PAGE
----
The International Organisation for Migration (IOM) says the Migration Multi-Partner Trust Fund (MPTF) is currently supporting three joint programmes in Africa with about 7.5 million US dollars.
Mr António Vitorino, the Director-General, IOM, and Coordinator, United Nations Network on Migration, said this at the first African Regional Review Meeting on the Global Compact for Safe, Orderly and Regular Migration (GCM) in Africa on Wednesday.
The two-day meeting was hosted by Morocco, virtually.
According to the United Nations Network on Migration, the Start-Up Fund for Safe, Orderly and Regular Migration (or Migration MPTF) was called for by the Global Compact on Migration, adopted by the General Assembly in Dec. 2018.
It is a UN financing mechanism primarily to assist member states in their national implementation of the Global Compact.
“The Fund is currently supporting three joint programmes in Africa, for a total of approximately 7.5 million USD.
“The joint programmes focus on strengthening border management in Guinea, Liberia and Sierra Leone; facilitating safe, orderly and regular migration in the context of climate change and environmental degradation in North-east Africa; and strengthening national and local responses to xenophobia and promoting social inclusion in South Africa.”
Vitorino added that nine joint programmes were currently underway with 32 additional joint programmes in the pipeline.
“True to the GCM’s 360-degree approach, these programmes cover a wide range of thematic areas and are geographically diverse.
“Each of these nine programmes, furthermore, is aligned with the GCM guiding principles.
“With 32 additional joint programmes in the pipeline, of which 13 from Africa, the Fund is poised to do more.
“I would like to seize this opportunity to call for additional contributions – even modest ones – towards the 70 million dollars target set by the Steering Committee ahead of the first International Migration Review Forum (IMRF) in 2022.”
The director-general said the GCM was a key guide to enhance the benefits of migration and to address its challenges through international cooperation.
The coordinator said the COVID-19 pandemic had resulted in some governments in Africa extending basic services, including health to migrants.
He noted that the lessons learnt since the start of the pandemic would serve as a guide to recover better towards the path of the Sustainable Development Goals.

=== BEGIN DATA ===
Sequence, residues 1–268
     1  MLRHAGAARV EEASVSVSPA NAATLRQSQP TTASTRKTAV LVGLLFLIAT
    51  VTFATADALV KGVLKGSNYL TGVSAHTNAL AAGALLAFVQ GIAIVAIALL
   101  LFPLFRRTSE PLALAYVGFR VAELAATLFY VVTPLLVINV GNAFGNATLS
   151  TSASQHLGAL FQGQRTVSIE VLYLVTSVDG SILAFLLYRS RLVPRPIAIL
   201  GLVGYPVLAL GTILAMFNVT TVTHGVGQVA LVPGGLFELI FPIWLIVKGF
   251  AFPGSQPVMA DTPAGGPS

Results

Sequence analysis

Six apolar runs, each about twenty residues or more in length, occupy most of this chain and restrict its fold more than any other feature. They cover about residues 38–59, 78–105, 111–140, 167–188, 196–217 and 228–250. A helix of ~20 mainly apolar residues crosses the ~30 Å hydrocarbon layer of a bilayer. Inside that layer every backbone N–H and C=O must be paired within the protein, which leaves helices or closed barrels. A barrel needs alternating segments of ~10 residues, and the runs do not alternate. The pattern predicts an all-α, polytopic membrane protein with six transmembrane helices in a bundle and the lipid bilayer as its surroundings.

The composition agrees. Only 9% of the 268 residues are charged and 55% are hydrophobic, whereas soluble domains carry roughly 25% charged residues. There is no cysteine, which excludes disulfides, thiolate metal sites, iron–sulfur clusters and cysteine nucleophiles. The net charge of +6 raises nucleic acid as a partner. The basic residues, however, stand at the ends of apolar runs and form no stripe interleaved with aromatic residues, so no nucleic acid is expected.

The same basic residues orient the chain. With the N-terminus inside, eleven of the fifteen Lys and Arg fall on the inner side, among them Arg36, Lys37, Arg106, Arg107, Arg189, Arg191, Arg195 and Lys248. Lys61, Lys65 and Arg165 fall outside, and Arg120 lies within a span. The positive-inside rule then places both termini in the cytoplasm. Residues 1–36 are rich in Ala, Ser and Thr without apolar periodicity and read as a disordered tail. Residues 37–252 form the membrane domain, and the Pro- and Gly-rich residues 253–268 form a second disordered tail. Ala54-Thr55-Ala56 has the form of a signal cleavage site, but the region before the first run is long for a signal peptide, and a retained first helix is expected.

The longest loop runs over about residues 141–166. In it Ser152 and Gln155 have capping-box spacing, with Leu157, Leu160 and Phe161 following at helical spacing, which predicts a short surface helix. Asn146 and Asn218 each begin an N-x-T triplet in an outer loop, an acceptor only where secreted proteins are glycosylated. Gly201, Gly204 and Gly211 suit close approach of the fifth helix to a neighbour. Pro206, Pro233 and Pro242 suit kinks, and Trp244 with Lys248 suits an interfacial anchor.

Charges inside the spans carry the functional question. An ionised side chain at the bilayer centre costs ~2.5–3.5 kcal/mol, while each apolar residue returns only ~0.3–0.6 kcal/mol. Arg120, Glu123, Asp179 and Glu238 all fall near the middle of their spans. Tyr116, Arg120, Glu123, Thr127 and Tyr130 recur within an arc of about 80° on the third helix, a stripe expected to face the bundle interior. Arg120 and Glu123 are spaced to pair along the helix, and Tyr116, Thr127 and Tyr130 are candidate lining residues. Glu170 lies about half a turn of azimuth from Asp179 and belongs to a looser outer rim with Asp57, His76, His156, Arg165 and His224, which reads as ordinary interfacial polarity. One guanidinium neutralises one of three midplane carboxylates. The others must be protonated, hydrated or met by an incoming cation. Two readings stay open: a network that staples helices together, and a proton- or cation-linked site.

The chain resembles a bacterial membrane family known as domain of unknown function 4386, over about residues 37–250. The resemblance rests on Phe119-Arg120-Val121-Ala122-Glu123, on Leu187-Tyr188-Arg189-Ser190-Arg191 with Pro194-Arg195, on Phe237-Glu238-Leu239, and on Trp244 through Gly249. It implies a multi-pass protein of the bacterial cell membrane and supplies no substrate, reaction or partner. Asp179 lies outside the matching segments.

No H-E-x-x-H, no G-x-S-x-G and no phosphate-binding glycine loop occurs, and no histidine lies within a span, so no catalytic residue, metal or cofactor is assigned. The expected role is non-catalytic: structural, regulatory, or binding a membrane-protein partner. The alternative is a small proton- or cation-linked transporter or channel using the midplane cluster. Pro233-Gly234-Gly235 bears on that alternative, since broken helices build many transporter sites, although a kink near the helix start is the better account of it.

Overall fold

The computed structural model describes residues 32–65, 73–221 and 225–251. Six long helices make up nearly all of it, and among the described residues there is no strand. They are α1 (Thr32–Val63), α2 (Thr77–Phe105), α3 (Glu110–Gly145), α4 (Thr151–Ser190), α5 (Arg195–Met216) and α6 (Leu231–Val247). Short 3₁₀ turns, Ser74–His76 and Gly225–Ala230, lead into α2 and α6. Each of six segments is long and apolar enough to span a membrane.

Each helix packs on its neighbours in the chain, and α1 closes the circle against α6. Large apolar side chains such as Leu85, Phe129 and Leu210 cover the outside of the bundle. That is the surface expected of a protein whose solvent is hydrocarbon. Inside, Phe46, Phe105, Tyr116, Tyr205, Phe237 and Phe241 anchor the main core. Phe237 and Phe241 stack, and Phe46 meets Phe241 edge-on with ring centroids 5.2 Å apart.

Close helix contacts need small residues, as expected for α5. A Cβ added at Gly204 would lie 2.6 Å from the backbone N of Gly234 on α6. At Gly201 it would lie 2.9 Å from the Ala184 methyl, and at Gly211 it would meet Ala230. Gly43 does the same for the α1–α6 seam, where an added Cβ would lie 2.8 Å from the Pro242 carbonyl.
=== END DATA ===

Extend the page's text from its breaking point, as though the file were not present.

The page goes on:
Vitorino also emphasised establishment of the Migration Network Hub as called for in the GCM.
“The Network Hub is a one-stop shop for accessing good practices and facilitating peer-to-peer exchanges in pursuit of GCM implementation.
“It further offers a virtual meeting space for government officials, stakeholders and UN colleagues to engage on key areas.”
He expressed hope that the review would shine a spotlight on the 23 GCM objectives and how best to move towards their full implementation.
Also speaking, Mrs Amira El-Fadil, Commissioner for Social Affairs, African Union Commission (AUC), said the AUC had been active from the start of the GCM process.
El-Fadil noted that the commission worked with all partners to support member states to actively engage in their contributions to the development of the initial texts to the draft GCM.
“We are very glad that through these efforts, the final text reflected most of the issues that are close to our continent’s migration agenda and aspirations.
“I wish to inform this meeting that the continent has made very commendable progress in the implementation of the GCM in Africa since its adoption in Morocco.”
The commissioner said Africa still had a lot to do to effectively implement the GCM in the continent, despite efforts made.
“However, despite these challenges, it is encouraging to note that there are a number of AU Member States that innovatively devised ways of implementing the GCM within its national framework, based on their national and regional priorities and specificities.”
She further stressed the need for stakeholders to collaborate with member states and regional economic communities to mobilise necessary resources to build the capacities of relevant national institutions.
This, she noted, would effectively implement the GCM in the continent and also ensure that no one was left behind in the planning and implementation process of the compact.
“On our part, the AU Commission will continue prioritising the implementation of the GCM in the continent in all its migration governance initiatives and programmes.
“The commission further intends to mobilise necessary political support by all AU Member States to prioritise GCM implementation within their national planning framework.”
Furthermore, Mr Nassar Bourita, Minister of Foreign Affairs, African Cooperation and Moroccans Abroad, Kingdom of Morocco, said migration in Africa was primarily a regional issue.
Bourita said: “This is also why migration governance does not – and should not – respond to emergency management. Nor can it be delegated, externalised or outsourced. It is a field of responsibility.
“Migration in Africa is primarily a regional issue. It is therefore ‘first’ at the level of the continent’s states and each of its subregions that it must be addressed.”
The minister further stressed that African governments should ensure that migrants were central in responsible migration policies, in solidarity and in accordance with the 23 objectives of the GCM. (NAN) (www.nannews.ng)